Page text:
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Case-study: Smoke control
in the United Kingdom
|In the UK and
indeed elsewhere in Europe smogs, accompanied by
respiratory diseases had been accepted as the
"price" of industrial progress. However, the
infamous smog (smoke + fog = smog) which blanketed London
from the 5-8 December 1952, and which was responsible for
4700 additional deaths, finally spurred the Government
into action. The result was the Clean Air Act
Act, which was amended in 1968, regulated pollution from
smoke, grit and dust from domestic, commercial and
industrial sources. The legislation prohibited the
emission of "dark smoke" from any chimney and
enabled local authorities to declare all or part of their
area a "smoke control area". In such areas it
is an offense to emit smoke unless it can be proved that
only an "authorised fuel" (listed in
Regulations) had been used. Certain fireplaces -
"exempted fireplaces" - which can burn other
types of (unauthorised) fuels may be utilised so long as
they can do so without emitting any, or a substantial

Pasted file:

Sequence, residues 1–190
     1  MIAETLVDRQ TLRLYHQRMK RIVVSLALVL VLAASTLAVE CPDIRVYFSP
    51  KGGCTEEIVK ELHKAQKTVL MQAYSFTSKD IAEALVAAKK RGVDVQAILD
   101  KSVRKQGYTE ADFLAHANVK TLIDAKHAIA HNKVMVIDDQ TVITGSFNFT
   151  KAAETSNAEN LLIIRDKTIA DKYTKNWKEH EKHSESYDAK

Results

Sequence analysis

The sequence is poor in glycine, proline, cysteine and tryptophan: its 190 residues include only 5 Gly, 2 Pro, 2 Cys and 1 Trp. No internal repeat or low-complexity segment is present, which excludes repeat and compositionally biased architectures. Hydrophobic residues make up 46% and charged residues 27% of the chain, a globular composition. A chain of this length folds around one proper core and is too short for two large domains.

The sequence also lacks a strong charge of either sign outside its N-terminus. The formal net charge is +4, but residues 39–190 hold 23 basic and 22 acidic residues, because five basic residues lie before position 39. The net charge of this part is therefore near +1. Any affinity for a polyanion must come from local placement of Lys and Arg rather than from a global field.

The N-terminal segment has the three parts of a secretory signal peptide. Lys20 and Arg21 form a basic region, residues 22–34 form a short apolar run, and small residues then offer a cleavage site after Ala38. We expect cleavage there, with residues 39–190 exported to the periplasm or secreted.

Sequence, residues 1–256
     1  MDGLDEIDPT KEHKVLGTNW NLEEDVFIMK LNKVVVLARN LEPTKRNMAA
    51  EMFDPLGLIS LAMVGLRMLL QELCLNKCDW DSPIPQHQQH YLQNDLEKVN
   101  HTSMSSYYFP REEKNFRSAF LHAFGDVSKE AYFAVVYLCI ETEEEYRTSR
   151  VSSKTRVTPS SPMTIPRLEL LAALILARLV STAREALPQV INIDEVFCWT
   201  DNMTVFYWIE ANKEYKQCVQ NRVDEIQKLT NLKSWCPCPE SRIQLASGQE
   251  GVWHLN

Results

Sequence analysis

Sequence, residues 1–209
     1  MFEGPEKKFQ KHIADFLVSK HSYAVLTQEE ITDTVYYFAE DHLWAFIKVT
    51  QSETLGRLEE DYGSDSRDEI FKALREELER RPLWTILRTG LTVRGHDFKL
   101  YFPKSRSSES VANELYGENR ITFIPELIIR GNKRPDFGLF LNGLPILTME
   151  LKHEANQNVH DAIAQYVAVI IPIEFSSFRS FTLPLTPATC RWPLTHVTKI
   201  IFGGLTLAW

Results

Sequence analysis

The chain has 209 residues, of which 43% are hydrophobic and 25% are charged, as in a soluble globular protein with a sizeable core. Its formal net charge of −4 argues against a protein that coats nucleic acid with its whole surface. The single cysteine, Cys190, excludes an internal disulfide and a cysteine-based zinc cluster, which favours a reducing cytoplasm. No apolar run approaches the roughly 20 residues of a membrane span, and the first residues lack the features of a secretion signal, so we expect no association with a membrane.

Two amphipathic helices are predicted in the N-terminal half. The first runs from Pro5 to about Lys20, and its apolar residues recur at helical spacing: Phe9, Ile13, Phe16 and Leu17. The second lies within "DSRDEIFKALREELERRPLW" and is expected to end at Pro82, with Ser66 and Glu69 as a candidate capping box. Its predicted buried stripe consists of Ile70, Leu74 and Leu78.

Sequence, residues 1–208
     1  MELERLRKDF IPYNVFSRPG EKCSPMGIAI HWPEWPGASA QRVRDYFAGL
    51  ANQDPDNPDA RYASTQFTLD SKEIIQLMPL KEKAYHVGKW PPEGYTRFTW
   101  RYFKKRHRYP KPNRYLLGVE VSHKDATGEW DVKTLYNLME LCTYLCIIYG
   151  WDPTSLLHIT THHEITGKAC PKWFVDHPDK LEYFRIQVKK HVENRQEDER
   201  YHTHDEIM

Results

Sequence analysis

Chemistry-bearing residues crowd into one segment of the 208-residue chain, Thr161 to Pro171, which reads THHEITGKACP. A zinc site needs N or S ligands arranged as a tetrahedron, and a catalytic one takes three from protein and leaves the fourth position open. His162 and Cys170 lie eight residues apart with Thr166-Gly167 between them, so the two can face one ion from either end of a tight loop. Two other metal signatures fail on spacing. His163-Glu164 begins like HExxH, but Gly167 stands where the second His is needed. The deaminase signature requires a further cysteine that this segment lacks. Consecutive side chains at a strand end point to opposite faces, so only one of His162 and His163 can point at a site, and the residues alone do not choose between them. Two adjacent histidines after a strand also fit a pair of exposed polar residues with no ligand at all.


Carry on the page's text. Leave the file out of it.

quantity of, smoke.
In a smoke control area, the
local authority may serve a notice on the owner of a
private dwelling (i.e. not commercial or industrial
premises) requiring fireplaces to be adapted to smokeless
operation. So long as the work has been carried out to
the local authority's satisfaction, it should repay
seven-tenths of the reasonable cost of the work; it had
the option of repaying all or part of the remaining
three-tenths. Grants were not available for
"new" dwellings begun on or after 16 August
1964. Until the end of 1996 local authorities could
reclaim from the Government a proportion of their
expenditure for grants made towards the conversion of
domestic fires to smokeless operation.
Although most local authorities have
either completed or, for one reason or another, stopped
their smoke control programme, some are still continuing.
Thus while the total costs of implementing a smoke
control programme can be considerable, in the UK the
costs have been spread over some 40 years. The costs for
individual authorities will depend on the number of
houses involved and local appliance and installation
For references, please go to www.eea.europa.eu/soer or scan the QR code.
This briefing is part of the EEA's report The European Environment - State and Outlook 2015. The EEA is an official agency of the EU, tasked with providing information on Europe's environment.
PDF generated on 01 Oct 2016, 12:15 AM
The European Environment Agency (EEA) is an agency of the European Union.